Wednesday, 17 December 2008

COSYS, ISUS and Herding Cats

It's now been nearly 13 years since I was in the Frei- und Hanse- Stadt Bremen, but I still have many happy memories of living and working there.

The main two systems I was involved with - one as Co-Chief Architect, the other as a sort of "Grand Vizier" and Fire-fighter, allocated to crisis points, were the COSYS family of Naval Combat Systems, and the ISUS-90 Submarine Combat System.

Both are described in brief in Norman Friedman's book, The Naval Institute Guide to World Naval Weapon Systems, something of a Bible in the Industry. I last had a chat to Norman Friedman, the doyen of all things naval and electronic, about 15 years ago, in the Royal Navy Equipment Exhibition at the old gunnery school at Whale Island, Portsmouth.

The book itself has a heavy Thunk factor.
Last month, a suspiciously large package from Subsim arrived at the post office. Was it a torpedo? No, it was the 2006 edition of The Naval Institute Guide to World Naval Weapon Systems. A $250, seven pound hardcover monster of a book - the most expensive book published by the Naval Institute. What had I gotten myself into?

Despite its title, and the cover showing missiles and bombs flying around, WNWS '06 is an encyclopedic textbook of naval weapons and technology. Virtually every weapon and electronic system used aboard warships and naval aircraft today is covered in detail; often more detail than anyone would ever need. Everything from electro-optical systems, minehunting equipment, combat direction systems, radar, sonar, ECM and ESM systems, mines, countermeasures, guns, fire control systems, missiles, ASW rockets, torpedoes, to sonobuoys, is covered. Despite being about 200 pages shorter than Combat Fleets, this book massive. I was shocked by its tremendous scope when I first browsed through it. I'm still a bit bewildered.
Um... to me the systems are "described in brief", but I guess that's a view only a professional in the area would hold. To anyone else, possibly a bit much to handle. Friedman is not just good, he's the best, without peer or equal.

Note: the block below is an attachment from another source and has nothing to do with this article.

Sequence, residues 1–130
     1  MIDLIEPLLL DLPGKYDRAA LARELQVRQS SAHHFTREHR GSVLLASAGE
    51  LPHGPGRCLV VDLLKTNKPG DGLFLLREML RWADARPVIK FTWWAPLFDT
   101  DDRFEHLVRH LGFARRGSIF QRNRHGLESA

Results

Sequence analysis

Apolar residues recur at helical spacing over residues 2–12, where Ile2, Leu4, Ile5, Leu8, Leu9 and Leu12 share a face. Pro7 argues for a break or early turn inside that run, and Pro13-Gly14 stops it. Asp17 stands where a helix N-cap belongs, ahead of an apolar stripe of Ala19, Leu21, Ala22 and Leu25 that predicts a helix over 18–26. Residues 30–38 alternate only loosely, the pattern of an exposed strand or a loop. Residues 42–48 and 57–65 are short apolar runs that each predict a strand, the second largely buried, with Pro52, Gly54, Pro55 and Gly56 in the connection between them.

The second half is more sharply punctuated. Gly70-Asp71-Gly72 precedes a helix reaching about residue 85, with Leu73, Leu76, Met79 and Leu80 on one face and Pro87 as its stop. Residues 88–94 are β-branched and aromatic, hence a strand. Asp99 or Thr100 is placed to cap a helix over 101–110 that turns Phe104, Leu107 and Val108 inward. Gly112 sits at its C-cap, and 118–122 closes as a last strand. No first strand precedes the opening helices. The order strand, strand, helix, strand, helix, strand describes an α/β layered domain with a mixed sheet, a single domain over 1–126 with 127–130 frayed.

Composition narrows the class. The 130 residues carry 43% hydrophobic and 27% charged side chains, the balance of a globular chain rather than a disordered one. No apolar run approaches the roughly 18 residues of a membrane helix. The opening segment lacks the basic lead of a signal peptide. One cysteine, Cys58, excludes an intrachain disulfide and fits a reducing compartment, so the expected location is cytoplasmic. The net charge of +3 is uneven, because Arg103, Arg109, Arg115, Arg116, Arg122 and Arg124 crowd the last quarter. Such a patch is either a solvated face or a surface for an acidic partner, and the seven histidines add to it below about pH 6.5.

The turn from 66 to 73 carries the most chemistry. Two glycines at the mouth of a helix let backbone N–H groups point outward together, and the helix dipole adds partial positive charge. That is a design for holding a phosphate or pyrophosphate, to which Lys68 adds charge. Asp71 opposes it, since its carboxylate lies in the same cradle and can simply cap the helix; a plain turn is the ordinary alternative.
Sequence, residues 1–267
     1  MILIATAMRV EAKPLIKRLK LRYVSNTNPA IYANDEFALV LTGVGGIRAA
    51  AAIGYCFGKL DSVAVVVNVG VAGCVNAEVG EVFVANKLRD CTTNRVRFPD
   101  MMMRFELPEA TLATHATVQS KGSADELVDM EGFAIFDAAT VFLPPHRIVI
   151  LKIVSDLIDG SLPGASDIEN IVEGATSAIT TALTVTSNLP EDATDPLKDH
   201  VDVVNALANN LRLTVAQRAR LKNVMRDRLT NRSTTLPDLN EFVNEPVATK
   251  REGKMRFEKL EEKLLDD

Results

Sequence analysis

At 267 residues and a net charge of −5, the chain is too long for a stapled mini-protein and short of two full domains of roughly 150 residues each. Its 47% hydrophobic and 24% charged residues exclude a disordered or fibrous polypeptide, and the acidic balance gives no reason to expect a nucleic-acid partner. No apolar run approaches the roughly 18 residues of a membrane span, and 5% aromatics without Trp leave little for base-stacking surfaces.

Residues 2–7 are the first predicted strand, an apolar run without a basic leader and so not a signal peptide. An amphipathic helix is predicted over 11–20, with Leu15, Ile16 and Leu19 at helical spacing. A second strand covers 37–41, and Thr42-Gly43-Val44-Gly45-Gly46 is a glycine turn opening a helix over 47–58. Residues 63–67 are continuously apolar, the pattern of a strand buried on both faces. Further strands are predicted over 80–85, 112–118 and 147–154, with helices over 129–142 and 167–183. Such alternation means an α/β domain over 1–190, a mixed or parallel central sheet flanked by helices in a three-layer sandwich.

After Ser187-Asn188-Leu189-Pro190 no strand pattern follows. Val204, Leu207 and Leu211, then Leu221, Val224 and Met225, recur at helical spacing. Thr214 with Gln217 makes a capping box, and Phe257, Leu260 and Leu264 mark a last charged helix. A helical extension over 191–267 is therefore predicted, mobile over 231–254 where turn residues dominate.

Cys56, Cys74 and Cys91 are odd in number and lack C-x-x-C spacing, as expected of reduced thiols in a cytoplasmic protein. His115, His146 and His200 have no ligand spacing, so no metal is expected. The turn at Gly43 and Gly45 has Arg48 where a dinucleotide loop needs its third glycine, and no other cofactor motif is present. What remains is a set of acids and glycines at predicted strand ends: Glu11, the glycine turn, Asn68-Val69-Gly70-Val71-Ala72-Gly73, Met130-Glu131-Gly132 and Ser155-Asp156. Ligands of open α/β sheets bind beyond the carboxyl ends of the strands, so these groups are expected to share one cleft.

The COSYS family is described on page 73. The only error is in who which firm was the lead in the project. Friedman assumes the "CO" in "COSYS" is for Oerlikon-Contraves, the famous Swiss manufacturer. The truth is a bit more prosaic - the acronym is for COmbat SYStem. And there is a small omission - the COSYS-200T1 variant for the Royal Thai Navy, a massive 16-console system that was the ultimate, a system designed for an aircraft-carrier. Most of the consoles would be devoted to aircraft operations and recovery, the rest is basically a reduced 8-console destroyer system with many redundant bits removed. I know, I wrote the 200-page basic requirements specification document single-handedly. From the looks of it, it still might get a look-in, as the Spanish equipment supplied by the (Spanish) shipyard Bazan has a less than stellar performance, especially as regards maintenance.

The other system I was most involved in, though I did do a bit on some minehunting gear, was the ISUS-90 Integrated Submarine Combat System described on page 138. It was consultancy work in connection with this system that led me to Haifa Naval base in Israel some 18 months ago. This has enjoyed some considerable commercial success, with many sales since the book was written. Even though I say it myself, it is an outstanding piece of kit - though developing it caused me a few headaches. Leading a mixed team of Israelis, Germans, and Australians in a technically challenging and utterly crucial area was, well, like this:

There aren't that many people in the industry worldwide, and most of us know each other. Or knew, as I've been out of it for a while, doing Rocket Science, and recently, research. Stealth was never an option for me.


Bad hair days said...

> There aren't that many people in
> the industry worldwide, and most
> of us know each other. Or knew,
> as I've been out of it for a
> while, doing Rocket Science, and
> recently, research. Stealth was
> never an option for me.

When I searched for a new job in software development in switzerland I had to learn the same thing (stealth would never be an option). Given the small sice of switzerland, everyone in IT knows each other over a max of two hops. And doing quite some comunity work a few years ago alot more people know me that I thought.

MgS said...

I've thought about the notion of stealth a few times, and I quickly realized that it's not only impractical in my world, it would result in me denying such a big part of who I am that it's just not worth it.

(BTW - that was a great post, Zoe)

Bad hair days said...

Yes, I think thats true, either. I read somewhere in a blogcomment of a women who was stealth for about five years, and had plans to out herself, because she can't stand the constant denial of her past.

And not being stealth means the people that like you like YOU and not only an image you give them.